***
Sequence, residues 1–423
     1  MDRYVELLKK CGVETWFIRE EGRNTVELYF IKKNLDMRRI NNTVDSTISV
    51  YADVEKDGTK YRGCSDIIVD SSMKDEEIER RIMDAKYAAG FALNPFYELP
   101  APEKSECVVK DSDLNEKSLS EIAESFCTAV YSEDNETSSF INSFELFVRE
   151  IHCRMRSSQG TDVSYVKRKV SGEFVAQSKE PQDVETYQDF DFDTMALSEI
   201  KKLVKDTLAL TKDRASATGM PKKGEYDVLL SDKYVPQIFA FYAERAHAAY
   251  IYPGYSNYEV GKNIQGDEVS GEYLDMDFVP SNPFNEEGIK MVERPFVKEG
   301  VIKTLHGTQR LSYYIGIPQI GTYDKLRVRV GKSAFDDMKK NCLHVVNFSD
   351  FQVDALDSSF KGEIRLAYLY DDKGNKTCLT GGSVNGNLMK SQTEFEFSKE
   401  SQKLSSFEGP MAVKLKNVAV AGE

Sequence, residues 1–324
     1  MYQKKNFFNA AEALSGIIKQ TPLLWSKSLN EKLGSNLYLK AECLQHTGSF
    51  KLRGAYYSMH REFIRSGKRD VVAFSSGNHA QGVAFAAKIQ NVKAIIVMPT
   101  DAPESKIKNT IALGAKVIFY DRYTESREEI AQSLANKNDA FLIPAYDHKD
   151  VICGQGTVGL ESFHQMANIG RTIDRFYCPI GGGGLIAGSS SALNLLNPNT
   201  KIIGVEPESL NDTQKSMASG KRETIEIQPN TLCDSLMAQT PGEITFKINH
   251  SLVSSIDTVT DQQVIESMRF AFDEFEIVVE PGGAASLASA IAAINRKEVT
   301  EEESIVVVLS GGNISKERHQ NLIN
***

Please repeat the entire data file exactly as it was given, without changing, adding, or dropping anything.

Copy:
Sequence, residues 1–423
     1  MDRYVELLKK CGVETWFIRE EGRNTVELYF IKKNLDMRRI NNTVDSTISV
    51  YADVEKDGTK YRGCSDIIVD SSMKDEEIER RIMDAKYAAG FALNPFYELP
   101  APEKSECVVK DSDLNEKSLS EIAESFCTAV YSEDNETSSF INSFELFVRE
   151  IHCRMRSSQG TDVSYVKRKV SGEFVAQSKE PQDVETYQDF DFDTMALSEI
   201  KKLVKDTLAL TKDRASATGM PKKGEYDVLL SDKYVPQIFA FYAERAHAAY
   251  IYPGYSNYEV GKNIQGDEVS GEYLDMDFVP SNPFNEEGIK MVERPFVKEG
   301  VIKTLHGTQR LSYYIGIPQI GTYDKLRVRV GKSAFDDMKK NCLHVVNFSD
   351  FQVDALDSSF KGEIRLAYLY DDKGNKTCLT GGSVNGNLMK SQTEFEFSKE
   401  SQKLSSFEGP MAVKLKNVAV AGE

Sequence, residues 1–324
     1  MYQKKNFFNA AEALSGIIKQ TPLLWSKSLN EKLGSNLYLK AECLQHTGSF
    51  KLRGAYYSMH REFIRSGKRD VVAFSSGNHA QGVAFAAKIQ NVKAIIVMPT
   101  DAPESKIKNT IALGAKVIFY DRYTESREEI AQSLANKNDA FLIPAYDHKD
   151  VICGQGTVGL ESFHQMANIG RTIDRFYCPI GGGGLIAGSS SALNLLNPNT
   201  KIIGVEPESL NDTQKSMASG KRETIEIQPN TLCDSLMAQT PGEITFKINH
   251  SLVSSIDTVT DQQVIESMRF AFDEFEIVVE PGGAASLASA IAAINRKEVT
   301  EEESIVVVLS GGNISKERHQ NLIN